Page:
Dr. Zoom: Newly Minted Ph.D.’s Share the Dos and Don’ts of Remote Dissertation Defense

Lawman Zoomdefense Screenshot
A screenshot from Allison Lawman’s remote dissertation.

On April 10, 2020, the first cohort of Jackson School doctoral candidates to defend their dissertations remotely gave their presentations over Zoom. The students that made up the cohort were Allison Lawman, Chelsea Mackaman-Lofland, and Suyu Fu. 

We spoke with the three candidates — each now fully-fledged doctors of philosophy—about best practices for conducting a successful virtual doctoral defense.  


DO – Invite everyone. 

 For many people, a remote dissertation is easier to attend than an in-person one. Take advantage of that and share the invitation outside of your thesis committee. Invite friends, family, colleagues and even potential collaborators. Mackaman-Lofland invited people involved with postdoc positions that she applied for.  

“It was really nice to be able to invite people that I would like to work with,” she said.  


DO – Let someone else manage the meeting. 

 You need to focus on your presentation and answering questions. Make a plan for other people to handle the logistics. Mackaman-Lofland had two meeting co-hosts, her advisor and her roommate (who could easily alert her to any technical difficulties), which were responsible for managing attendees. At the start of her defense, Lawman had her advisor give a brief outline of Zoom etiquette – from muting mics, to holding questions to the end – so that she could focus on the science.  


DON’T – Let your first run be your only run. 

Call a friend or mentor and practice your presentation. Make sure your equipment works and that you know how to access breakout rooms. Call each and every attendee to make sure they can access Zoom – and also see how they’re doing.  

 I scheduled independent Zoom meetings with my external committee members to make sure it let them into the meeting, and we could talk and hear each other,” Lawman said. “We had that natural opportunity to catch-up and see each other.”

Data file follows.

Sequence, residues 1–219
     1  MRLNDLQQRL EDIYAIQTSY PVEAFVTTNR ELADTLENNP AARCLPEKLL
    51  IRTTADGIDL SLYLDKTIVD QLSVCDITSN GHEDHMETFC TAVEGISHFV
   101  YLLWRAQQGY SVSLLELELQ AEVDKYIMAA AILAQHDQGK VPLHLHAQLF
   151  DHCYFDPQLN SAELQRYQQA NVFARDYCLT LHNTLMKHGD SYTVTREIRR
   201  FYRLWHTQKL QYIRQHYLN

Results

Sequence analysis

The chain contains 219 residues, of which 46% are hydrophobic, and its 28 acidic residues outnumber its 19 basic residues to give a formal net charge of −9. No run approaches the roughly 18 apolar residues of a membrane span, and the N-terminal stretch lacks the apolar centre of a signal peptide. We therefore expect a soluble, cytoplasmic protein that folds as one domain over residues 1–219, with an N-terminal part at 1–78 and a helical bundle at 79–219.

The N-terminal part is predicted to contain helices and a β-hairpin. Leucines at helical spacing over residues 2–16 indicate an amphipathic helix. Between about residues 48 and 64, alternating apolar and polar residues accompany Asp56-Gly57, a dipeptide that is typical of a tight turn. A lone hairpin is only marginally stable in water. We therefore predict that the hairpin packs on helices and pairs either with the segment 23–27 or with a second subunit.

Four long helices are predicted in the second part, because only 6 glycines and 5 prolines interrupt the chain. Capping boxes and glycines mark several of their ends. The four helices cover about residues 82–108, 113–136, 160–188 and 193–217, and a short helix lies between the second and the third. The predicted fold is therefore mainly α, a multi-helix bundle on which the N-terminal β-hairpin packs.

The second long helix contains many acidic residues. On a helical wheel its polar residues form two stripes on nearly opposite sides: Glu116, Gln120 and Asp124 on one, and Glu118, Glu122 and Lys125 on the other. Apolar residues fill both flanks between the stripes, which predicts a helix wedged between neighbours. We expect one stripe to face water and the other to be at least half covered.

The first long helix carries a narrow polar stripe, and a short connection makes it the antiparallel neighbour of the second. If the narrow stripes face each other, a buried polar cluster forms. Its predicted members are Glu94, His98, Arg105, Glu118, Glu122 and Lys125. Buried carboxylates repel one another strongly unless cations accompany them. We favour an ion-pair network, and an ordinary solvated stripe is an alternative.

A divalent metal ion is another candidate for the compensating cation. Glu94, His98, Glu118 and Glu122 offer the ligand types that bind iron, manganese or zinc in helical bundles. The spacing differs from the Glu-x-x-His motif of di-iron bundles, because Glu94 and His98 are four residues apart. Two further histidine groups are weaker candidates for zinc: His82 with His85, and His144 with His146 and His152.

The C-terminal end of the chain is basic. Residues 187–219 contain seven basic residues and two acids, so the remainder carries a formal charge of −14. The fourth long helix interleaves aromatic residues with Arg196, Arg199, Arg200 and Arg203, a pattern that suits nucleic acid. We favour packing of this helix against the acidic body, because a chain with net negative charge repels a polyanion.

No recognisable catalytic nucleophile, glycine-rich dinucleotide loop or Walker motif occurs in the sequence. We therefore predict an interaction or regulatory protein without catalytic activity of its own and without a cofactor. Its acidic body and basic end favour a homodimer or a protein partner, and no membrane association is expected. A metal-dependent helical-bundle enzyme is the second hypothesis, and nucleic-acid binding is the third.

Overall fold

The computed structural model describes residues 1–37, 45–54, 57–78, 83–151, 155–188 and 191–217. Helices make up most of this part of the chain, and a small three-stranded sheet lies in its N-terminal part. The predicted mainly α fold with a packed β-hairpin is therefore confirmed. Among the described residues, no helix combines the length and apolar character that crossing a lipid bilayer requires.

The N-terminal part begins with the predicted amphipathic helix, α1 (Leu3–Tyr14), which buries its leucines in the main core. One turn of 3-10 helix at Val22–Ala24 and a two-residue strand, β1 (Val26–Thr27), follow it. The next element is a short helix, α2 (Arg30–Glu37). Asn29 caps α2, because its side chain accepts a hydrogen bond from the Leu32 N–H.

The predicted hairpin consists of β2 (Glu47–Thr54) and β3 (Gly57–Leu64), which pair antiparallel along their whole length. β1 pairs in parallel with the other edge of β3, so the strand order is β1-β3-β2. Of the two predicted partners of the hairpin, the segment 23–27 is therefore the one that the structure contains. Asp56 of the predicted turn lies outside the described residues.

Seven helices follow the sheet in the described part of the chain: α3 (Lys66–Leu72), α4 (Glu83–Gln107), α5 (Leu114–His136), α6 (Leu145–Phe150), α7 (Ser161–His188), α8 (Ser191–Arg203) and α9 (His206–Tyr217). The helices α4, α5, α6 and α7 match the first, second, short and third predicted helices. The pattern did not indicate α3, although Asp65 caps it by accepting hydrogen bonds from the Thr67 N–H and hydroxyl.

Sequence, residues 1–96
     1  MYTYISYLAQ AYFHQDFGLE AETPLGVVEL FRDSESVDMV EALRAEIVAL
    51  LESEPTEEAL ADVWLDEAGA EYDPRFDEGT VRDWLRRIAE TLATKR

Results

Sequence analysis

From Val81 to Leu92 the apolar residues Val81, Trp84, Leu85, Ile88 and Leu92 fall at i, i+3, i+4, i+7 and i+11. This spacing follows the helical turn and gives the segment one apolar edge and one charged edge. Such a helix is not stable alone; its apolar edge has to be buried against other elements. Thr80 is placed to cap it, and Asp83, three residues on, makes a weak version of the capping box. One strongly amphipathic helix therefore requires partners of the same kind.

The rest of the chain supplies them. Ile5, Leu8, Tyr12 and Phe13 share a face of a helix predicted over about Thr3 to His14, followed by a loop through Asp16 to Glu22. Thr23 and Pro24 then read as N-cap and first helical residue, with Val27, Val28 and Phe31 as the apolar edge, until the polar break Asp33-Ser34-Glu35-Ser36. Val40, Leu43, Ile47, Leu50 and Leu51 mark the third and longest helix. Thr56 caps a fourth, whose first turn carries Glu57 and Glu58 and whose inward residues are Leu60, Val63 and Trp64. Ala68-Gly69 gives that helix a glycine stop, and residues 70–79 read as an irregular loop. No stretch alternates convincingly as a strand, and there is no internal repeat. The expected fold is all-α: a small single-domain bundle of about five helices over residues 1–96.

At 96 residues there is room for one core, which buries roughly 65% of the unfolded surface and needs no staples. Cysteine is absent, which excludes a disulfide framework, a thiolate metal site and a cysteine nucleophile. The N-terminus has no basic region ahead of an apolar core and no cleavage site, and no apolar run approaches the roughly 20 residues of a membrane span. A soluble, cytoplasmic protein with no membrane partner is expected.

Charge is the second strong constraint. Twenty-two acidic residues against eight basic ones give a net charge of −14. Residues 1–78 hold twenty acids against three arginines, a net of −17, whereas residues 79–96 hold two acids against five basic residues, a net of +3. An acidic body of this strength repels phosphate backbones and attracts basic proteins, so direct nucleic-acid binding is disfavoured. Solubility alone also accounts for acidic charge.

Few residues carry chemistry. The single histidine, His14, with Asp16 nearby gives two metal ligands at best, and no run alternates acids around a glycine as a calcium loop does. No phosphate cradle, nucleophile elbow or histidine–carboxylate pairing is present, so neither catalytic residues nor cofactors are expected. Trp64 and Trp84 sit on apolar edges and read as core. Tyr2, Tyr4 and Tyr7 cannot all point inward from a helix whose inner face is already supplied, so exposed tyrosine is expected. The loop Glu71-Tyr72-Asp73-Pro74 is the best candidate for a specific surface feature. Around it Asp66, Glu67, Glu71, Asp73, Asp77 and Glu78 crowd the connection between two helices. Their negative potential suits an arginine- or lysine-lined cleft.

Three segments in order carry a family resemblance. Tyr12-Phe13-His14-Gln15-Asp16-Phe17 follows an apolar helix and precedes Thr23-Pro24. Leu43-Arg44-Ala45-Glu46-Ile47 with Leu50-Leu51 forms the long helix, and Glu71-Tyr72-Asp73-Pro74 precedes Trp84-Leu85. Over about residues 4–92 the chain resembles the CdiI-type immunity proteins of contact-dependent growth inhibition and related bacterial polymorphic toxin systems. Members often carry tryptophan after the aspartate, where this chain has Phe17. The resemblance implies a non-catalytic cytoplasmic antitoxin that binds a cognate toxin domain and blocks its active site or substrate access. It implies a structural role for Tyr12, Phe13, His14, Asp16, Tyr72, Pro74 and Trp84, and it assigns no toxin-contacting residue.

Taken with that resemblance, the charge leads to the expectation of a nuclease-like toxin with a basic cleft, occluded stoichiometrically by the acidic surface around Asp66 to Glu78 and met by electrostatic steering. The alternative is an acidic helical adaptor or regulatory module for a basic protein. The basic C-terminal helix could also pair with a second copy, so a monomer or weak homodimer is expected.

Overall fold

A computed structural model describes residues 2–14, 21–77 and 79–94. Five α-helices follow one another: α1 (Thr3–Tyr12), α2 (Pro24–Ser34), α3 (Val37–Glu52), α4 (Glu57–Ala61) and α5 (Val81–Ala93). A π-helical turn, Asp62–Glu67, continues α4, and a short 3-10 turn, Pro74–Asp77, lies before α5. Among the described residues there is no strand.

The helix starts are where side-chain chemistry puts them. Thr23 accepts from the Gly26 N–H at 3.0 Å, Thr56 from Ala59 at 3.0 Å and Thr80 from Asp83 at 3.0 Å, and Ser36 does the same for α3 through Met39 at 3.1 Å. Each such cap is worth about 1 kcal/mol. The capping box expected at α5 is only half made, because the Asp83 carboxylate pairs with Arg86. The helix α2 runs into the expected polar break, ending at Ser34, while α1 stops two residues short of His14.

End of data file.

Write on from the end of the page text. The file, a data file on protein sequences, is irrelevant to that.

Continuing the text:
DO – Read this article.  

 Mackaman-Lofland said that a short article in Nature — aptly titled “How to Defend a PhD Remotely”— helped her prepare her slides and her space. You can read it here: https://www.nature.com/articles/d41586-020-00971-z 


DON’T  – Use one Zoom meeting room for everything.  

 Take advantage of Zoom breakout rooms. These virtual rooms allow some members to leave the larger group without having to start a new meeting. Use a breakout room to take questions from your committee, and to wait while they make their final decision. Fu said he left the Zoom meeting during deliberation because, at the time, he was unfamiliar with breakout rooms. He recommends that other students familiarize themselves with how they work to keep meetings more seamless.   


DO – Take a screenshot of the Zoom meeting room 

It’s a memento from your big day and a reminder of everyone who attended.  

 “That meant a lot to me personally,” Mackaman-Lofland said. “I’ll probably include that as a figure in my thesis acknowledgements.”   


What other tips should we add to the list? Send an email to Monica Kortsha, mkortsha@jsg.utexas.edu